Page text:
g. a refractive index adjuster for adjusting the refractive index of said optical medium;
h. a displacement transducer for measuring the changes in the spacing between said inner surfaces of said first and second substrates; said displacement transducer to generate a input signal to be used by a controller; and;
i. a controller for monitoring the tunable operation of said interferometer using said input signal generated by said displacement transducer.
25. An optical band pass device as in claim 24 wherein said near normal incidence angle is approximately 1 degree.
26. An optical band pass device as in claim 24 wherein said input light beam is a collimated light beam.
27. An optical band pass device as in claim 24 further comprising a first voltage source connected to said adjustable spacer for electrically adjusting the spacing between said inner surfaces of said first and second substrates.
28. An optical band pass device as in claim 24 further comprising a second voltage source connected to said refractive index adjuster for electrically adjusting the refractive index of said optical medium.
29. An optical band pass device as in claim 27 wherein said adjustable spacer is a piezo-electric control voltage device.
30. An optical band pass device as in claim 28 wherein said refractive index adjuster is a voltage controlled electro-optical device.
31. An optical band pass device as in claim 24 wherein said optical converging element is chosen from the group consisting of a spherical lens system, an aspherical lens system, a gradient-index (GRIN) lens system, any combination of the foregoing systems, and any other optical converging system constructed to collect and converge said output light beams.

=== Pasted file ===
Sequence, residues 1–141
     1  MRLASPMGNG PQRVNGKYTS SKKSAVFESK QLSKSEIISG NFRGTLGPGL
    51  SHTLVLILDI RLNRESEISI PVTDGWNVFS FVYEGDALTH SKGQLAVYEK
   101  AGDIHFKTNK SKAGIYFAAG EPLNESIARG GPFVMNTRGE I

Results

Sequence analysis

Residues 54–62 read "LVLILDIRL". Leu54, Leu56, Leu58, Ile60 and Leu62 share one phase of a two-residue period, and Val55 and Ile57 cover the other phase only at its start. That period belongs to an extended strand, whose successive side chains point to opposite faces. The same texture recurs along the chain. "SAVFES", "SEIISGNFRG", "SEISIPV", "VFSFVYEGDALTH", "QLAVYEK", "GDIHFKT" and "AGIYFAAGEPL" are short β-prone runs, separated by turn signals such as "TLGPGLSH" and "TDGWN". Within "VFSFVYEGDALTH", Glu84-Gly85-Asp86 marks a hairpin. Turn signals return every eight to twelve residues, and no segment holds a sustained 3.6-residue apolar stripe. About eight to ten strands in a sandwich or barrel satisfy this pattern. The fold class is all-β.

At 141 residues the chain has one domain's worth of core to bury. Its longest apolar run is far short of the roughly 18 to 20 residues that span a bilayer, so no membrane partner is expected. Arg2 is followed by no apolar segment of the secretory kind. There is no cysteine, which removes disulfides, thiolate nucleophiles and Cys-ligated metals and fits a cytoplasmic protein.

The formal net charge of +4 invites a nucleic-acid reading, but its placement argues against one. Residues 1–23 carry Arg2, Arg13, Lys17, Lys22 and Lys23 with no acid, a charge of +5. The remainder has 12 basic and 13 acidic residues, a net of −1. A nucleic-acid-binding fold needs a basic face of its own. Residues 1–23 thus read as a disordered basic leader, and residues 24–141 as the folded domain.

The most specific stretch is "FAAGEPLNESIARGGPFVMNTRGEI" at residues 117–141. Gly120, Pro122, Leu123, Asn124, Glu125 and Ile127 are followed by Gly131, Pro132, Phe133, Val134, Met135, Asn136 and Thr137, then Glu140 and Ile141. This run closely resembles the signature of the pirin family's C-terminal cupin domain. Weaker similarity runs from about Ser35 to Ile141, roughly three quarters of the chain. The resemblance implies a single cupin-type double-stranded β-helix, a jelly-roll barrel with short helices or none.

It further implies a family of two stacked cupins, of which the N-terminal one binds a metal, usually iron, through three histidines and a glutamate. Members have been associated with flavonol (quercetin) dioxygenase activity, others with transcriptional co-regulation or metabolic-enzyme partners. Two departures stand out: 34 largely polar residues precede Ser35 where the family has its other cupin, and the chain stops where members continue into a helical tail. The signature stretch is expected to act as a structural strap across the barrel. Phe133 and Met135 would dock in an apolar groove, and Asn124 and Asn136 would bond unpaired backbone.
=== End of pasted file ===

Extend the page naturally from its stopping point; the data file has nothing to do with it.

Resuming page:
32. An optical band pass device as in claim 31 wherein said optical converging element converges said output light beams incident thereon into a focused spot.
33. An optical band pass device as in claim 32 wherein said focused spot is an input aperture of an output optical fiber.
34. An optical band pass device, comprising:
a. a first substrate having a very low absorption loss including an inner surface and an outer surface; said inner surface thereof including a first transmission-optimized optical portion and a reflective portion having a very high reflective coefficient of r1; said outer surface thereof including a second transmission-optimized optical portion positioned opposite said first transmission-optimized optical portion; said first and second transmission-optimized optical portions to facilitate input of light beams into said device;
b. a second substrate having a very low absorption loss including an inner surface and an outer surface; said inner surface thereof having a reflective coefficient of r2 wherein r1 is greater than r2; said outer surface thereof having a transmission coefficient of t to enable output of light beams; said second substrate mounted parallel to said first substrate with respective inner surfaces facing each other and said spacing between said inner surfaces being comparable with one wavelength of light;